The latest Reader performing arts reviews | Bleader

The latest Reader performing arts reviews


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Rush Pearson in Diary of a Madman
Our latest performing arts reviews are here, hot off the real and virtual presses—but only a select few are positive enough to warrant a Reader recommendation. According to Tony Adler, you can't go wrong with Steppenwolf Theatre's Garage Rep this year: all three entries are worth seeing (though for entirely different reasons). And Laura Molzahn suggests you make Molly Shanahan/Mad Shak's The Delicate Hour your dance fix for the week.

Also recommended are DreamLogic Theatrework's Elder Gods, a promenade-style adaptation of H.P. Lovecraft's At the Mountains of Madness; the Actors Gymnasium's sweet Lost and Found: A Recycled Circus, featuring an outstanding cast of adults, teens, and kids; and They Are Dying Out, Trap Door Theatre's version of a 1973 satire by Austrian provocateur Peter Handke. The intimacy of a black-box set makes for great theater in Mary-Arrchie's revival of the 2008 Tracy Letts comedy Superior Donuts and (Re)discover Theater's Hamlet, which amps up the classic play's sex appeal by emphasizing the relationship between the melancholy Dane and Ophelia. (Hurry if you want to see Hamlet: it closes Saturday.)

Other new Shakespearean efforts: Chicago Shakespeare's Freudian twist on A Midsummer Night's Dream and Idle Muse's production of Shakespeare's R and J by Joe Calarco, in which boys at a boarding school mount a clandestine performance of Romeo and Juliet.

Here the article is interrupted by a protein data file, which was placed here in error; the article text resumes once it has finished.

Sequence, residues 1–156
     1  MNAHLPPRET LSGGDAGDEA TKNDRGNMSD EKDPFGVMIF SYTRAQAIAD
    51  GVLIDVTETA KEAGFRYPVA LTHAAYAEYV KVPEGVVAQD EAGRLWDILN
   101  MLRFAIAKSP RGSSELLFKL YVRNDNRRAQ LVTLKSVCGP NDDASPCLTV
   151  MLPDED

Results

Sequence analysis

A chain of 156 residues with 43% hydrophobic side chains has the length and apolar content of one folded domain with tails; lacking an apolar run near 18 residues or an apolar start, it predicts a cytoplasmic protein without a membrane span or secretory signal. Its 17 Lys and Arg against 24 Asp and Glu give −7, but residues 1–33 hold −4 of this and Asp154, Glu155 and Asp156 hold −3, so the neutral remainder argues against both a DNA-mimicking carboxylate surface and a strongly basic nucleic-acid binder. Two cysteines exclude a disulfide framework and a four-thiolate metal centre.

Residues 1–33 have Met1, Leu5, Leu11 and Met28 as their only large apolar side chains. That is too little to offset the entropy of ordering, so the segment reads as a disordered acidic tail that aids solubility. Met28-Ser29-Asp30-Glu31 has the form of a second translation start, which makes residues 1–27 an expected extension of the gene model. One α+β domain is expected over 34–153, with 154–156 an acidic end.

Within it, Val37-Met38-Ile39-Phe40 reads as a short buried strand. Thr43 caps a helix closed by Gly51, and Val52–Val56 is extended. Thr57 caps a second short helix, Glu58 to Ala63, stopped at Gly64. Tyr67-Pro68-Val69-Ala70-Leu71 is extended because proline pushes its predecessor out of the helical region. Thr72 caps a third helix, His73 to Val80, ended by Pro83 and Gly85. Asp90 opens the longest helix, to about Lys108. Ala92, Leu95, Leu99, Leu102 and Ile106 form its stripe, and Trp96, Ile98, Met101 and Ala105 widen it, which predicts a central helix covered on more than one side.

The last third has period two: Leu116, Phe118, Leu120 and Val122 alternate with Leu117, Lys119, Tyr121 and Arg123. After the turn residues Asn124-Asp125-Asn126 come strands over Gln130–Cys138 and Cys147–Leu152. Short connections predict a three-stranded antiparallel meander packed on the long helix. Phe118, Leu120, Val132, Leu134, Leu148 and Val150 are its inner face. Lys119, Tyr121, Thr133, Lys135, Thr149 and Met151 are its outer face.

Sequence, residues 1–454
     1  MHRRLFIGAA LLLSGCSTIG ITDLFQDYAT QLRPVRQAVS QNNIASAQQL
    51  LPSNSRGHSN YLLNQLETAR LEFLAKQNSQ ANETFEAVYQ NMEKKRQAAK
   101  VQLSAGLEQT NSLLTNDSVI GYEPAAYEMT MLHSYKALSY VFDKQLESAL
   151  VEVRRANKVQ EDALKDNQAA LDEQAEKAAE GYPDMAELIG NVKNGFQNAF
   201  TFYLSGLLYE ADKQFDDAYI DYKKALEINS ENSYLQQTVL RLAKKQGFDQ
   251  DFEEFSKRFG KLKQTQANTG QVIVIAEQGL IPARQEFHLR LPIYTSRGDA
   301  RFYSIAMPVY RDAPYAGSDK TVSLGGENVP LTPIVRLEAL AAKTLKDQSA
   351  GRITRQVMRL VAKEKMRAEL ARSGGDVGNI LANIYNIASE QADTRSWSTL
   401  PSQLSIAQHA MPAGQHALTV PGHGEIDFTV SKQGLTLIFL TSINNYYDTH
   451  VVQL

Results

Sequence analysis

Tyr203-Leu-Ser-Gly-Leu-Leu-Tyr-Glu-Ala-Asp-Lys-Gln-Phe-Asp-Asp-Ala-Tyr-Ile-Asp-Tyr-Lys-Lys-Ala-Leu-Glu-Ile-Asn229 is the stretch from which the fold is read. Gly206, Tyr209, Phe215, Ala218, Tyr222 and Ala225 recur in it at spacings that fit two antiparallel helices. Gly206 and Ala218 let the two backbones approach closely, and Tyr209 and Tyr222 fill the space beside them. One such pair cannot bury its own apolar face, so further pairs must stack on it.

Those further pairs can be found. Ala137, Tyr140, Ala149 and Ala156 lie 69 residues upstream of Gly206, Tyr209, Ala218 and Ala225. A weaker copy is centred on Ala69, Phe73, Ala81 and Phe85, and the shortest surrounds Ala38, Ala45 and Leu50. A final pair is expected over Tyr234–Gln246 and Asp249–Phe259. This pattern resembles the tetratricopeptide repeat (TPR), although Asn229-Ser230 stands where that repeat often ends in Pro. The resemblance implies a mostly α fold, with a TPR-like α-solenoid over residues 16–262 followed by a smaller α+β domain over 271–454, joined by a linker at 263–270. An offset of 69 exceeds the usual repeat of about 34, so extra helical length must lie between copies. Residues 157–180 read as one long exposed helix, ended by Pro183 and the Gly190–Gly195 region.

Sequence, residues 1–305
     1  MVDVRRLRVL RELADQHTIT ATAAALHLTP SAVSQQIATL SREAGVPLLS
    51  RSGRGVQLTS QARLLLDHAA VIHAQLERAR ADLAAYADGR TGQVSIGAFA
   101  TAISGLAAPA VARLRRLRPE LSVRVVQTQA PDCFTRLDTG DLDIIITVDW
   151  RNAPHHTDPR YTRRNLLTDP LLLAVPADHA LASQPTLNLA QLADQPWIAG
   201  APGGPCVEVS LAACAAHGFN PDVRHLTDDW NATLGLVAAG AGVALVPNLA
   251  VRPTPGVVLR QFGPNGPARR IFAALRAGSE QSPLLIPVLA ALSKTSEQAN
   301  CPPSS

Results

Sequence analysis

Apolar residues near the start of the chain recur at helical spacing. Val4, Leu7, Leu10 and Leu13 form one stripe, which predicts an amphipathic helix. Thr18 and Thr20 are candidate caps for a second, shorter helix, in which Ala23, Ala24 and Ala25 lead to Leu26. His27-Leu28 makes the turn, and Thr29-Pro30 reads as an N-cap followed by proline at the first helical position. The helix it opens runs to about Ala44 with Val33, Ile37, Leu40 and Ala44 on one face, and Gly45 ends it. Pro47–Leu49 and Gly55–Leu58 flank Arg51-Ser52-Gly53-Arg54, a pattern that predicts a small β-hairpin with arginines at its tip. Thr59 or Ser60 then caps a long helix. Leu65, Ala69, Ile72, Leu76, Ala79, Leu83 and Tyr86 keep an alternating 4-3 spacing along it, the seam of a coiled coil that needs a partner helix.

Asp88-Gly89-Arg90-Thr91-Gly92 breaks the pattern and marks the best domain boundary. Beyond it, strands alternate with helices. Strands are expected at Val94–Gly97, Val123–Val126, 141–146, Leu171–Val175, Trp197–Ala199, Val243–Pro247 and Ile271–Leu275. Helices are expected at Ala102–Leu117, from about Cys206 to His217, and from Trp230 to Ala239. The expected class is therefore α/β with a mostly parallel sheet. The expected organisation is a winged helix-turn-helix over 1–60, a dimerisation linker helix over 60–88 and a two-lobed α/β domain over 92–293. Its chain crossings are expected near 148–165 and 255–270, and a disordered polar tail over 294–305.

Albert Williams evaluates a touring production of South Pacific, Dan Jakes takes a read on Diary of a Madman at Prop, and Kerry Reid peeks at Man Boobs from Pride Films and Plays. We also review Wild Claw's Kill Me, about a woman who believes she's invincible, and Circle's The Ritz, the comic tale of a straight man who tries to avoid his murderous brother-in-law by hiding out in a gay bathhouse.

Finally, our critics give less than enthusiastic receptions to Devil May Care, a tedious drama about a pastor and a spinster, and My Kinda Town from Nothing Special Productions (need we say more?).

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